No one likes the idea of censoring video-games, but changing the ESRB classification on tobacco wouldn’t ban tobacco use in games, it would only be a factor in how a game is rated. Now this wouldn’t really effect “Mature”- rated games like “Call of Duty,” “Grand Theft Auto,” and “Halo,” all of which contain tobacco use as well, since “M” games aren’t marketed towards children.

Movies have already started cutting out smoking, and so have popular shows and series all across the globe, and it hasn’t changing the way that we enjoy our media. It would make sense for video-games to follow suit, and I don’t think that many people would even notice.

In the 2015 University of California, San Francisco survey, researchers verified tobacco content in 42% of the video games that participants reported having played; however, only 8% of these games had received tobacco warnings from the Entertainment Software Rating Board (ESRB), the gaming industry’s self-regulatory organization that rates video games and apps. The Truth Initiative 2016 survey also shows that 65% of parents would not purchase these video games once aware of the tobacco imagery.

Truth Initiative also commissioned video interviews with 44 teen and young adult “gamers.” All 44 recalled seeing smoking images in video games on a regular basis. Tobacco use was viewed as making a character “tougher” or “grittier.” The report also reveals that while the majority of teens surveyed say they would play video games despite smoking images, more than 50 percent of these teens expressed concern about the impact smoking images would have on their younger siblings who often watch them play video games to learn themselves.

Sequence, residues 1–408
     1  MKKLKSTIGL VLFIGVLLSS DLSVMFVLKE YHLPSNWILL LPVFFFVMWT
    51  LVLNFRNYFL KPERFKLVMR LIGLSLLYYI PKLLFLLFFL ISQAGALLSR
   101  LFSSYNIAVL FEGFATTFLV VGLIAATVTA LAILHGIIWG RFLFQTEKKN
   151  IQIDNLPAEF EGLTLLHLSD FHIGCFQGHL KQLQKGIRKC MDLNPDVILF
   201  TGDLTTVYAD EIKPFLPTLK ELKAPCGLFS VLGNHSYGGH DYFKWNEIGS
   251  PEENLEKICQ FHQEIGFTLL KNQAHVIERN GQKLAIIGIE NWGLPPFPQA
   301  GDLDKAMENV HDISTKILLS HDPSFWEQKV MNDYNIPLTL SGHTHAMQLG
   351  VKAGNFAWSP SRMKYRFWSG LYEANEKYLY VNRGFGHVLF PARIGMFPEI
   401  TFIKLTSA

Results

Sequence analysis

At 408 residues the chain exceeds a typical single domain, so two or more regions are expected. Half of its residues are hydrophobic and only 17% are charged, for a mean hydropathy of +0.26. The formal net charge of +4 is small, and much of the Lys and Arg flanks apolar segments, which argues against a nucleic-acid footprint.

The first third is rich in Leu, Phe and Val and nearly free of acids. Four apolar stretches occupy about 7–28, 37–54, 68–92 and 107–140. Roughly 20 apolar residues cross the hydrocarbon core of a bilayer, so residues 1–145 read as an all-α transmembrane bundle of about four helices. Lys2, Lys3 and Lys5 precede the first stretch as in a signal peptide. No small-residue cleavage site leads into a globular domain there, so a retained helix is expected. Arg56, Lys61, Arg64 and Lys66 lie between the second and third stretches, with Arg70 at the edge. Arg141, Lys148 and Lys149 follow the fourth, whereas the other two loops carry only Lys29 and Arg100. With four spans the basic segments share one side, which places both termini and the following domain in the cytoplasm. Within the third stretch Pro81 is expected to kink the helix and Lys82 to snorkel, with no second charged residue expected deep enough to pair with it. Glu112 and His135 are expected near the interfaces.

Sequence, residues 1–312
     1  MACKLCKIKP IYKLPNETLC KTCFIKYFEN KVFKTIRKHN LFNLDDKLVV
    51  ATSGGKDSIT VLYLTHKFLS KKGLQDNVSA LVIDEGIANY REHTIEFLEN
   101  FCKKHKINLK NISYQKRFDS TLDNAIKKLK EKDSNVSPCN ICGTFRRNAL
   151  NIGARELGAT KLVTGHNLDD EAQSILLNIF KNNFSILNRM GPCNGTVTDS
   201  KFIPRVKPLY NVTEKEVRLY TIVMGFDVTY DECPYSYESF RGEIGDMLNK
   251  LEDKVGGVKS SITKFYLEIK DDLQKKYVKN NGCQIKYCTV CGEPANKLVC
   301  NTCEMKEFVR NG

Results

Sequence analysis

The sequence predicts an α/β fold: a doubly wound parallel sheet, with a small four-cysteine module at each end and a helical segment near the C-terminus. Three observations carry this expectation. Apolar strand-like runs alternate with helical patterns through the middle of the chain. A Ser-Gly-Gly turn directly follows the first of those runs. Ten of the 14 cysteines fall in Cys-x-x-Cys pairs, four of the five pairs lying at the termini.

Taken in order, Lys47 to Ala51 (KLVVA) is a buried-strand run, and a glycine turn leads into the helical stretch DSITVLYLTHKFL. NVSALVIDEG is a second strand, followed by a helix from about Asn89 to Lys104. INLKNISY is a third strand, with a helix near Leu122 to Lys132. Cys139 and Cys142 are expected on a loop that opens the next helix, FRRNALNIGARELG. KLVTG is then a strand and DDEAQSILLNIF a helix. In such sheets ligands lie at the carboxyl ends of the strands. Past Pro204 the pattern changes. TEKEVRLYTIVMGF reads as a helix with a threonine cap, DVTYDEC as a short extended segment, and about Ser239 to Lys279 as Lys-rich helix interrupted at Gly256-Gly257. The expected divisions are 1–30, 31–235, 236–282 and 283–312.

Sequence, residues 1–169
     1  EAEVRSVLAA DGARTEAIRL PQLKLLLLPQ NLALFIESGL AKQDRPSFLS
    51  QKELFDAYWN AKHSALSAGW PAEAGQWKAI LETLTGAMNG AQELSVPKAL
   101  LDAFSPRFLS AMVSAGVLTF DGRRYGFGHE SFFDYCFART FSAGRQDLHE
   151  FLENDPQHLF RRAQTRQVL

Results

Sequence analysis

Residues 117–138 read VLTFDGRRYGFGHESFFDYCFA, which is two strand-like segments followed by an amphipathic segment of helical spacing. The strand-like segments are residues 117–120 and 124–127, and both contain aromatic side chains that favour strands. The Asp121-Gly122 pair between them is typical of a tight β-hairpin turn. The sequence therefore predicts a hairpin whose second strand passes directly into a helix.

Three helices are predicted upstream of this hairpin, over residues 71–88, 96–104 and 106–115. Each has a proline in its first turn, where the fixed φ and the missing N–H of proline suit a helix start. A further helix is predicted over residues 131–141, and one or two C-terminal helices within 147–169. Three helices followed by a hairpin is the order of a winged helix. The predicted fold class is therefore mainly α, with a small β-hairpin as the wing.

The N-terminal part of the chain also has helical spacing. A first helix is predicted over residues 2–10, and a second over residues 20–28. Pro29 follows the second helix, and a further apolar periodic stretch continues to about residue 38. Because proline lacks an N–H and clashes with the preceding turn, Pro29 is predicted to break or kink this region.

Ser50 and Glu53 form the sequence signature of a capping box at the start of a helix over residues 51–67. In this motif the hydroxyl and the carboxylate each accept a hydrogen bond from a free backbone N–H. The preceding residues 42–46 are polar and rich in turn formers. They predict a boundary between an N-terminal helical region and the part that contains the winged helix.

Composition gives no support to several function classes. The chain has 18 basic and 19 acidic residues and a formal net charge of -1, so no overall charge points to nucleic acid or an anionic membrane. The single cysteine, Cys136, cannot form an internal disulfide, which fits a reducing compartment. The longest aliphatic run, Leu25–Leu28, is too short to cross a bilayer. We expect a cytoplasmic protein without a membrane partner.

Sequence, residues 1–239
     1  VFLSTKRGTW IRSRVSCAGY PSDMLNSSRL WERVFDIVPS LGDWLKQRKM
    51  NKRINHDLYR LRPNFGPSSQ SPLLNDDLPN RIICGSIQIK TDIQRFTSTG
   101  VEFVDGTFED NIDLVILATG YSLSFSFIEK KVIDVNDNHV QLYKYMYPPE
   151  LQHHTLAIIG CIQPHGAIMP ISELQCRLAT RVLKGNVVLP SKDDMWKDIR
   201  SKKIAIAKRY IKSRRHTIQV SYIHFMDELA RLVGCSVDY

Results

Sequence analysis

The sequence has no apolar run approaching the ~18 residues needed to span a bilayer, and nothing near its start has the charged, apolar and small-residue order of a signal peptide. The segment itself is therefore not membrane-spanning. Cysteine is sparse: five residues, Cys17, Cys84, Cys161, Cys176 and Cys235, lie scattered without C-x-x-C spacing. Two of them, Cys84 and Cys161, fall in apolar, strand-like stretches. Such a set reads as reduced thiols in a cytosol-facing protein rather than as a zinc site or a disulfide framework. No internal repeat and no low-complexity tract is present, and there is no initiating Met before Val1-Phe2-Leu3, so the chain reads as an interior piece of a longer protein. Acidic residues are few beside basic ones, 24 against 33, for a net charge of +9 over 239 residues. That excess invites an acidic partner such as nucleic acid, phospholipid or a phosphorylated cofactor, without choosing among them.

According to the Truth Campaign, these are Actions needed to reduce the risk of smoking initiation among teens and young adults who could be influenced by video games to use tobacco:

  • Game developers and publishers should stop including images of tobacco use in their games, particularly those marketed to or played by youth, regardless of their ESRB rating.
  • The Entertainment Software Rating Board should consistently identify and disclose whether a game contains images of tobacco use or tobacco references and rate games containing those images with a “Mature” rating.
  • Parents and adults should recognize that many video games contain images of tobacco use and be aware that ESRB content descriptors may fail to mention it. Adults should take this into consideration when purchasing games for tweens and teens.
  • Public health advocates should build public awareness about the issue of tobacco use in video games and support research to learn more about its implications. The public health community should insist that game developers eliminate tobacco content in video games. Public health researchers should conduct more studies of the relationship between video games and tobacco use, including longitudinal studies that can shed light on the question of whether exposure to tobacco use in video games leads to increased use, or facilitates progression to regular use, of tobacco.
  • Policymakers should recognize that the prevalence of tobacco use in video games may undermine public health gains in the reduction of youth tobacco use.